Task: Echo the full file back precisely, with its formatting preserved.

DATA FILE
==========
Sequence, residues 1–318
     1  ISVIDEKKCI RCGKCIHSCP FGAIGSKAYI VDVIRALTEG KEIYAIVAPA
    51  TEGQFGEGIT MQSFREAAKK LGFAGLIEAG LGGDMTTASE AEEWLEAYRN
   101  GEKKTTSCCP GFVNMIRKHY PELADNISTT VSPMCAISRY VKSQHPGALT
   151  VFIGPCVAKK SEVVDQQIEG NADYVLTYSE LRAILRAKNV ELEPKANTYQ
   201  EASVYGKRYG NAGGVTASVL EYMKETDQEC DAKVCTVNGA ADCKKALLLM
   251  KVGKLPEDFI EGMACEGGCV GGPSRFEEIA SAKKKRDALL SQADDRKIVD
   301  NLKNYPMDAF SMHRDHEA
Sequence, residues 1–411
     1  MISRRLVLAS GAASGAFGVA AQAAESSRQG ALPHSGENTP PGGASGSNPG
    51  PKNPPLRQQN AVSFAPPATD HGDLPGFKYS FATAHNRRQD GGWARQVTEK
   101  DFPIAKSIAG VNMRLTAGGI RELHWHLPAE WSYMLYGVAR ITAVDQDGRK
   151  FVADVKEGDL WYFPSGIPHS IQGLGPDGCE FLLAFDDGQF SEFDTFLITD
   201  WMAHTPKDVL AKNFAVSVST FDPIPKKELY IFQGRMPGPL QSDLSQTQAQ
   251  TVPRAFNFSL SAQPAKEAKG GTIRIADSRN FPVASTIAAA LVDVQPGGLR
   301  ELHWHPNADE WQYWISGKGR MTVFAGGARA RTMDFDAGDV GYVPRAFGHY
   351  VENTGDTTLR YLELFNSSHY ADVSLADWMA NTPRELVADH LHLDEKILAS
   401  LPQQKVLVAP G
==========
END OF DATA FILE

Sequence, residues 1–318
     1  ISVIDEKKCI RCGKCIHSCP FGAIGSKAYI VDVIRALTEG KEIYAIVAPA
    51  TEGQFGEGIT MQSFREAAKK LGFAGLIEAG LGGDMTTASE AEEWLEAYRN
   101  GEKKTTSCCP GFVNMIRKHY PELADNISTT VSPMCAISRY VKSQHPGALT
   151  VFIGPCVAKK SEVVDQQIEG NADYVLTYSE LRAILRAKNV ELEPKANTYQ
   201  EASVYGKRYG NAGGVTASVL EYMKETDQEC DAKVCTVNGA ADCKKALLLM
   251  KVGKLPEDFI EGMACEGGCV GGPSRFEEIA SAKKKRDALL SQADDRKIVD
   301  NLKNYPMDAF SMHRDHEA
Sequence, residues 1–411
     1  MISRRLVLAS GAASGAFGVA AQAAESSRQG ALPHSGENTP PGGASGSNPG
    51  PKNPPLRQQN AVSFAPPATD HGDLPGFKYS FATAHNRRQD GGWARQVTEK
   101  DFPIAKSIAG VNMRLTAGGI RELHWHLPAE WSYMLYGVAR ITAVDQDGRK
   151  FVADVKEGDL WYFPSGIPHS IQGLGPDGCE FLLAFDDGQF SEFDTFLITD
   201  WMAHTPKDVL AKNFAVSVST FDPIPKKELY IFQGRMPGPL QSDLSQTQAQ
   251  TVPRAFNFSL SAQPAKEAKG GTIRIADSRN FPVASTIAAA LVDVQPGGLR
   301  ELHWHPNADE WQYWISGKGR MTVFAGGARA RTMDFDAGDV GYVPRAFGHY
   351  VENTGDTTLR YLELFNSSHY ADVSLADWMA NTPRELVADH LHLDEKILAS
   401  LPQQKVLVAP G